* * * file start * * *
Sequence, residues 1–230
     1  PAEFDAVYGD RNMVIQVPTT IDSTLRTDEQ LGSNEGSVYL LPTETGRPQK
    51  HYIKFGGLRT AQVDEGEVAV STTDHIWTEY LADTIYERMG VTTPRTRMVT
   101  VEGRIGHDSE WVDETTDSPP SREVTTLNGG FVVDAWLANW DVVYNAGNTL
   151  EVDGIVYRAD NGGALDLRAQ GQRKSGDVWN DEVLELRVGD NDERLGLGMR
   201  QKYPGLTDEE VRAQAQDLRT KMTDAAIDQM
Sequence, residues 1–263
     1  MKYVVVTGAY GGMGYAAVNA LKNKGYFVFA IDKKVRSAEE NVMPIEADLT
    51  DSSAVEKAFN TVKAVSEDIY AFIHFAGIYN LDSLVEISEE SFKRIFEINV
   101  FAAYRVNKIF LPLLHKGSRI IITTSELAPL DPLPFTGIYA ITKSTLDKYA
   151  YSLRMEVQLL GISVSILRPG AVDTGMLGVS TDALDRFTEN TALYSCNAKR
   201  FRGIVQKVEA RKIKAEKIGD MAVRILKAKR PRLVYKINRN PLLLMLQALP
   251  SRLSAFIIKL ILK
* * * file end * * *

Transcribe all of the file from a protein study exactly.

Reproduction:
Sequence, residues 1–230
     1  PAEFDAVYGD RNMVIQVPTT IDSTLRTDEQ LGSNEGSVYL LPTETGRPQK
    51  HYIKFGGLRT AQVDEGEVAV STTDHIWTEY LADTIYERMG VTTPRTRMVT
   101  VEGRIGHDSE WVDETTDSPP SREVTTLNGG FVVDAWLANW DVVYNAGNTL
   151  EVDGIVYRAD NGGALDLRAQ GQRKSGDVWN DEVLELRVGD NDERLGLGMR
   201  QKYPGLTDEE VRAQAQDLRT KMTDAAIDQM
Sequence, residues 1–263
     1  MKYVVVTGAY GGMGYAAVNA LKNKGYFVFA IDKKVRSAEE NVMPIEADLT
    51  DSSAVEKAFN TVKAVSEDIY AFIHFAGIYN LDSLVEISEE SFKRIFEINV
   101  FAAYRVNKIF LPLLHKGSRI IITTSELAPL DPLPFTGIYA ITKSTLDKYA
   151  YSLRMEVQLL GISVSILRPG AVDTGMLGVS TDALDRFTEN TALYSCNAKR
   201  FRGIVQKVEA RKIKAEKIGD MAVRILKAKR PRLVYKINRN PLLLMLQALP
   251  SRLSAFIIKL ILK